Charlie followed him into the hall. "No," he said. "I wouldn't." He sighed. Outside, the wind echoed him. A thick skirt of snow rapped against the hall windows and flew away, ghostly in the falling dark.
"Look, Mr. D," Charlie said, "it's thirty till five, and this weather isn't going to let up. Let's call it a day and Burks and I will take you back to the hotel on the way to the office. We can pick up tomorrow, same time."
Mr. D stopped outside room 213. "I must admit that your century is much better at treating prisoners like guests than those previous. My prison even changes my sheets every morning and has free HBO." He said the last three letters delicately, as though unfamiliar with them and endeavoring not to trip over the acronym.
Charlie sighed again. "You're not a prisoner, sir. Our office is simply taking advantage of your embassy's unfortunate delay in expediting your passports to chat with you in the hopes of clearing up some discrepancies in the events of the previous two months - events, I might remind you, in regard to which you signed three separate nondisclosure agreements."
Charlie ducked into the room to retrieve his voice recorder and both cooling cups of coffee, a process that took perhaps seven seconds. He heard no noise through the open door of the classroom, but when he emerged, the man who called himself Mr. D was fifty yards down the hallway, most of the way to the stairs at the south end of the building.
"Hey," Charlie said. "Hey, D, wait up!"
Mr. D, who was moving at a brisk but unhurried pace, did not slow. He reached the stairs and as he began to descend, he turned and gave Charlie a single, cold glance. In the dusklight filtering in through the snow-filmed windows, his pale skin shone, and the one eye that regarded Charlie, rich brown like the plain man's brushed hair, burned in the dark. In that instant, Laura's husband knew, on some atavistic level, that he was beholding the countenance of something both incalculably old and so far removed from what he thought of as humanity that it might as well have been sleek and reptilian.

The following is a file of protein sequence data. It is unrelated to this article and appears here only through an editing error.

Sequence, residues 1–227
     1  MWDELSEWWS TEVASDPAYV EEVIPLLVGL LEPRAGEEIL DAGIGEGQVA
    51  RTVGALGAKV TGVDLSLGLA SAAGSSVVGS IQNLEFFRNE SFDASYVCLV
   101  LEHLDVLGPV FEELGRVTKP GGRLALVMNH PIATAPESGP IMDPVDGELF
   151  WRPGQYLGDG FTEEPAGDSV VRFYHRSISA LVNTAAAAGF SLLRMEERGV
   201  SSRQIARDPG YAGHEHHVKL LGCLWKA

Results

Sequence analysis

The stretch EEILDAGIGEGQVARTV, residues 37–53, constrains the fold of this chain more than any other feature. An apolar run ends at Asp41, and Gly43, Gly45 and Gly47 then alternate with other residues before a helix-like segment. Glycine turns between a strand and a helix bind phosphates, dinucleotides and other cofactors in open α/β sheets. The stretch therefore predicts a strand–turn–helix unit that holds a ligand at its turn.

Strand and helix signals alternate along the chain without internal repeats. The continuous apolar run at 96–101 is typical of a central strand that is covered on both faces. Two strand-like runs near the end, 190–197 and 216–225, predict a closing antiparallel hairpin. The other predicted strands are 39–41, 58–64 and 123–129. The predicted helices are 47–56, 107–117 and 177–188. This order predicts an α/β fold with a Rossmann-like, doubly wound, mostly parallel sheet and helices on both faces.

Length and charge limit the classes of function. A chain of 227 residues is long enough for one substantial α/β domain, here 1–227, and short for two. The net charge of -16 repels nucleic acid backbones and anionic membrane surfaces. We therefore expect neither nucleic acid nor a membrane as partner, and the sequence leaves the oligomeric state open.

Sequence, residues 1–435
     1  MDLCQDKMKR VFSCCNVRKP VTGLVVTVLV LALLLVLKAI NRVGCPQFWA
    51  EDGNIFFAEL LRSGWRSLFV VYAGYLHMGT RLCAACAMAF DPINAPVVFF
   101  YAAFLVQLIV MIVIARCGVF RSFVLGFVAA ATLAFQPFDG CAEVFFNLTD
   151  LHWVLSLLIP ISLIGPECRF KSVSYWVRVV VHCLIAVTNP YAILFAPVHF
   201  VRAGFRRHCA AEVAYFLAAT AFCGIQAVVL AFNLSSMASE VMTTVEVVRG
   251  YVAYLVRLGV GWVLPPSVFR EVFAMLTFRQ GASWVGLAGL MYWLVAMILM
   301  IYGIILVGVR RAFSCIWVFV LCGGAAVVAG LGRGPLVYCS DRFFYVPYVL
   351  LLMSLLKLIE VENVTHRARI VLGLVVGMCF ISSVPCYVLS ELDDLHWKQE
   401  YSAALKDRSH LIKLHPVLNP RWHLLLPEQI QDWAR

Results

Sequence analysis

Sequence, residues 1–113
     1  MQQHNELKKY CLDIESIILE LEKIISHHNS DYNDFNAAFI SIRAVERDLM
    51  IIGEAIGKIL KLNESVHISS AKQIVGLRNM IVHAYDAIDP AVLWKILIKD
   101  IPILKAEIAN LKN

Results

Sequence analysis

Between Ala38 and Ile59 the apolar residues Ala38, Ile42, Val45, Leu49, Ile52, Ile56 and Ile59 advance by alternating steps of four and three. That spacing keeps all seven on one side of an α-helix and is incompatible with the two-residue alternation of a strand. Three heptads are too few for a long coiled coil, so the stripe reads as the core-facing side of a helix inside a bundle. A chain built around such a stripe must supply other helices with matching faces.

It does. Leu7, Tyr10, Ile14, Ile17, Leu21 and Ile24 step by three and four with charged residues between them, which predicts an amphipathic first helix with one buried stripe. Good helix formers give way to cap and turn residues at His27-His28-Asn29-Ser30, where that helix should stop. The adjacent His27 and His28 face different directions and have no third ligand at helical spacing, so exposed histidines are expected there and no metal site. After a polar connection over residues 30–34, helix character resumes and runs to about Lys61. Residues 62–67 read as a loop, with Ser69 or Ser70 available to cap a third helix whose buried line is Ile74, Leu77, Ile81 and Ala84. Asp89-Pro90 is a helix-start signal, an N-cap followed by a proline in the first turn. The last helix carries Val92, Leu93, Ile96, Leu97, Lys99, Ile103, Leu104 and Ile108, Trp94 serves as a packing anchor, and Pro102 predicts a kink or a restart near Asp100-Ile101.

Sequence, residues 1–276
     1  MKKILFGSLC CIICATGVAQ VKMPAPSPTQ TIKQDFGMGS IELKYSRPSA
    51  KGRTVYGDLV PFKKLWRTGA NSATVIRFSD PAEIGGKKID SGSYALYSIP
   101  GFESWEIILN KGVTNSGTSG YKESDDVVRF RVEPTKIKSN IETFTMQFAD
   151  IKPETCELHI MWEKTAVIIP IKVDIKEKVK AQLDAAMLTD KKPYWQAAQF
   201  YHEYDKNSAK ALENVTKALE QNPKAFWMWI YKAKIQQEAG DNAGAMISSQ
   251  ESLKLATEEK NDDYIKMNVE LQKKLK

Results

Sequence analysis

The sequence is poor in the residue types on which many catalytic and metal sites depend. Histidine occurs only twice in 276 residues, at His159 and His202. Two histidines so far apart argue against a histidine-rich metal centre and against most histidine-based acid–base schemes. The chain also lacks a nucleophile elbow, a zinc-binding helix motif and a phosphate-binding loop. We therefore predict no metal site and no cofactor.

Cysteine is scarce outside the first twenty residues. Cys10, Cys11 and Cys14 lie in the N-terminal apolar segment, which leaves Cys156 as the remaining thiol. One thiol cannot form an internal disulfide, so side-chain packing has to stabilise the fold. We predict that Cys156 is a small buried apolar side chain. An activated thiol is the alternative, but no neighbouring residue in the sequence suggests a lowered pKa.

Then Mr. D spoke, and his voice was the same as always: mellow, amicable, with just that faint touch of Europe underneath.
"Fare you well, Charles."
Charlie said nothing else. For a heartbeat, that image of D turning and fixing him with one baleful Poe's eye held him in thrall.
Then he ran.
Two environmentally-friendly paper Starbucks cups hit the floor behind him; the voice recorder went into his jacket pocket. Charlie tore down the hallway of the music building of the University of Central Iowa at Langford ("Why a university? Why a music building?" Charlie had asked. "Because a school is neutral ground," Mr. D replied. "And because that is what I have done for the last one hundred and forty years. I teach music. Not such an oddity, really; music speaks to our hearts, to our blood, and the blood makes music of its own, here." Mr. D had reached forward to touch two fingertips to Charlie's right wrist, and had his touch been cold? No, surely that had been an effect of the winter storm, or of Charlie's imagination.) and by the time he had reached the stairwell, Mr. D, though he had not been running or even in a hurry, was gone.